Tuesday, March 8, 2011

No villain, no hero... Just faith

From Eastern Mennonite University, 1200 Park Rd, Harrisonburg, VA 22802, USA
Periodically, stories arise from the Anabaptist traditions that shock and sometimes offend sensibilities of the broader society. Perhaps most prominent in recent American memory is the 2006 Amish school shooting at Nickel Mines, Pa., and that community's response of near-immediate loving outreach to the shooter's family. Another story that exhibits costly Christian grace comes from a Mennonite family from Chewala, Wa., whose five children were killed in a car accident five years ago. But the story doesn't end there as this piece from the local TV station details...

One thing that fascinates me about this story's coverage is the surprisingly theological conversation at the end, taking place between the news anchors. You can tell that the main anchor's news-culture-enforced habit of placing stories into predefined categories of good/bad doesn't work in this case. She wants to name the other driver who - in the eyes of the state - was responsible for the deaths of those five children. The journalist covering the story, who has spent a significant amount of time with the folks involved, interprets this well: "There's no villain, there's no hero. There's just faith."

This story is also instructive from a restorative justice perspective. Notice how the Mennonite family stands with the man who's been taken to court - again, by the state - for vehicular homicide. Let me say that again: The family whose children were killed stand with the accused. The husband, Jeff, says "He's just as much a victim as we are," and the family is still in meaningful relationship with the driver who was charged, who testifies to their worth in his life and ongoing struggle to make sense of what he'd done. What gives rise to such shocking statements, attitudes, and actions? (Begging the question, I know, I know...) Answer: Christian faith practiced in costly ways.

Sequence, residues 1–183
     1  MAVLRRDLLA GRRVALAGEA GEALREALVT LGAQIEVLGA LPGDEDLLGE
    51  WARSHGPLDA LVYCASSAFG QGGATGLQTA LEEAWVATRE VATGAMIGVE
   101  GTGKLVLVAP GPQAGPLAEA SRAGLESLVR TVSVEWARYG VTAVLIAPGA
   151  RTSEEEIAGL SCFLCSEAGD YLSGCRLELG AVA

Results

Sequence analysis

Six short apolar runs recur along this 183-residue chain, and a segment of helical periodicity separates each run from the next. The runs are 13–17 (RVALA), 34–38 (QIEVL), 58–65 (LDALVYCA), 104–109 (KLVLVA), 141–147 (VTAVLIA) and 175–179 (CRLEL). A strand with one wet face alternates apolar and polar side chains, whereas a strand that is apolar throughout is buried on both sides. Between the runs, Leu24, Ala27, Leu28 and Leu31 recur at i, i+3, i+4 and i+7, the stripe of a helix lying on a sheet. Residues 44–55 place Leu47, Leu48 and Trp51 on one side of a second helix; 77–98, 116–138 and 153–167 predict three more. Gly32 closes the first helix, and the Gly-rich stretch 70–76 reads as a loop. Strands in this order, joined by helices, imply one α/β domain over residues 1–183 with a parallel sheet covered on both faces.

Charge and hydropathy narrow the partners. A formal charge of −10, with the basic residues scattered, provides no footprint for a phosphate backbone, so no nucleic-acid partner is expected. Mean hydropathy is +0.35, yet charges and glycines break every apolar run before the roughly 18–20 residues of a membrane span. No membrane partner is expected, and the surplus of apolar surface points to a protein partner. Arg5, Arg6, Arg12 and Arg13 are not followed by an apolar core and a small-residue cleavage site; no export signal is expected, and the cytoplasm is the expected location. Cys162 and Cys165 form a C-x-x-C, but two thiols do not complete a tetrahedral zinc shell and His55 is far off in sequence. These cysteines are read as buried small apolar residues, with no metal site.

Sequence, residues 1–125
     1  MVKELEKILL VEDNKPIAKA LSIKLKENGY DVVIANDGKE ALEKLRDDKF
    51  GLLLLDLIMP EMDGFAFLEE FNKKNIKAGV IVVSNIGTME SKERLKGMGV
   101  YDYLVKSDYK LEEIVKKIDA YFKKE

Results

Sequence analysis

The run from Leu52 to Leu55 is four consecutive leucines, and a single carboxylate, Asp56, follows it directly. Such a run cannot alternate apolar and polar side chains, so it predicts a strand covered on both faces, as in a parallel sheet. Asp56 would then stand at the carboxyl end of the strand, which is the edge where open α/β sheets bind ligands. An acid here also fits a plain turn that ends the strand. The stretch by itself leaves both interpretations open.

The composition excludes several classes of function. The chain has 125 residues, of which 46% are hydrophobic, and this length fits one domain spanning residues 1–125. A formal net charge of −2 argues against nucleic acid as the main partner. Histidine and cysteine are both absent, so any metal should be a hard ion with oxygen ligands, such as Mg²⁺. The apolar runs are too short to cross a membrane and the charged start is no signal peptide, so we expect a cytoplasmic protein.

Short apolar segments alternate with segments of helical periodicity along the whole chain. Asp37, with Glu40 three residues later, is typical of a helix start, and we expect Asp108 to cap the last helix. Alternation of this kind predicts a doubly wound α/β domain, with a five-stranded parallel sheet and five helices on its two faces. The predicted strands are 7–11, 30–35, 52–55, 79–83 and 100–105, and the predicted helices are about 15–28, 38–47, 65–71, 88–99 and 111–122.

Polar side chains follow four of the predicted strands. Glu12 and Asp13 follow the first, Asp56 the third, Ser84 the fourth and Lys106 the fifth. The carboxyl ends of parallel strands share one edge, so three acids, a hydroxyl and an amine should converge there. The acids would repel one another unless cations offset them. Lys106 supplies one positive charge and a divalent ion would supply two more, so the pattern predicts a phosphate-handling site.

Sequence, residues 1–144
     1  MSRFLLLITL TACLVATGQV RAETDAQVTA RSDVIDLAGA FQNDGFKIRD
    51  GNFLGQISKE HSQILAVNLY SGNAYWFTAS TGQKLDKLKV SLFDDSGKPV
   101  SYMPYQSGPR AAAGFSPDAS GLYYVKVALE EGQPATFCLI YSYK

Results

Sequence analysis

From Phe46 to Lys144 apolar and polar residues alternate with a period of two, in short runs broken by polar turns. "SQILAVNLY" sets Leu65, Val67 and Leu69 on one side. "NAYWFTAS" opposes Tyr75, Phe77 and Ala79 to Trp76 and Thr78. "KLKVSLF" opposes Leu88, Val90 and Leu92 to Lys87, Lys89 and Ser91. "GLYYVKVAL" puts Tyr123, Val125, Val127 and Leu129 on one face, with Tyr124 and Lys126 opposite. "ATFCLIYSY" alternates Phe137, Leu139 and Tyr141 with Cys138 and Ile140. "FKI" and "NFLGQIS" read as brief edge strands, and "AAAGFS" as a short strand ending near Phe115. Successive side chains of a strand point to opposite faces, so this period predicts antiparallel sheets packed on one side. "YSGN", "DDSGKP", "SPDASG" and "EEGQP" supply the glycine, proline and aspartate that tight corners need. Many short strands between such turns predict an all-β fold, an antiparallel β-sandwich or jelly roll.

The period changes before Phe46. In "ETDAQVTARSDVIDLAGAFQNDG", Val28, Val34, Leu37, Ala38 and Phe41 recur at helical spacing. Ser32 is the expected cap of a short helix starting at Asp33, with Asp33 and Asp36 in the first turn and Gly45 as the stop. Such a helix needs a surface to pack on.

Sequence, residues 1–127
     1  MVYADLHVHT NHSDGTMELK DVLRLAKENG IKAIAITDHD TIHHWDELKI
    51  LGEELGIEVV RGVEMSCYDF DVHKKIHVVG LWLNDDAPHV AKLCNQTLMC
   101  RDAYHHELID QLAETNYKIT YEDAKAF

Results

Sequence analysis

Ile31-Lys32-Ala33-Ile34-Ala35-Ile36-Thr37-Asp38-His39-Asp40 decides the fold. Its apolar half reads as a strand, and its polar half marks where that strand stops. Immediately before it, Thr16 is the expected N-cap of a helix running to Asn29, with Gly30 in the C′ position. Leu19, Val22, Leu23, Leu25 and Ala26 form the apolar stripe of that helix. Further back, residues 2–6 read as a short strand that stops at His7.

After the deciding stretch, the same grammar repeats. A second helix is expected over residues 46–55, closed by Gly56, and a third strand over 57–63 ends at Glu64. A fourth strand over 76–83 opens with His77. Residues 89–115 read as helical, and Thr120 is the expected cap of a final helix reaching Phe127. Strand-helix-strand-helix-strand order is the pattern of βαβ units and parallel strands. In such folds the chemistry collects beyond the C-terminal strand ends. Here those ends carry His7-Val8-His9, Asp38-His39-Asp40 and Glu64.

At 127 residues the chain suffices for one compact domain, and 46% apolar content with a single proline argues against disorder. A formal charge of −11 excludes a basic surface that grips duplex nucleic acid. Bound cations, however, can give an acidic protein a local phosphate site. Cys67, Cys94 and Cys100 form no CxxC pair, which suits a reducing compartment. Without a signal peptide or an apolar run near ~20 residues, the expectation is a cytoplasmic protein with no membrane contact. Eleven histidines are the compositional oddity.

Jeff says, "As a Christian, I recognize that forgiveness is the only way that I can be a Christian. And in return for that, forgiveness is required of me. And so in that sense, I don't have a choice." The submission to God's call to forgive because you have been forgiven in Christ - thereby forgoing individual choice on whether or not to forgive - grates against every nerve in the Western tradition, and the Schrock family are a startling retort to that story of individualism and freedom to choose.

Or as the Avett Brothers so masterfully put it: "Free is not your right to choose. It's answering what's asked of you. To give the love you find...until it's gone." That's exactly what the Schrock family are making so painfully, sacrificially clear to us, and I give thanks to God for such faithful witness.

(Avett Brothers lyric from "Ill With Want" off the I and Love and You album.)

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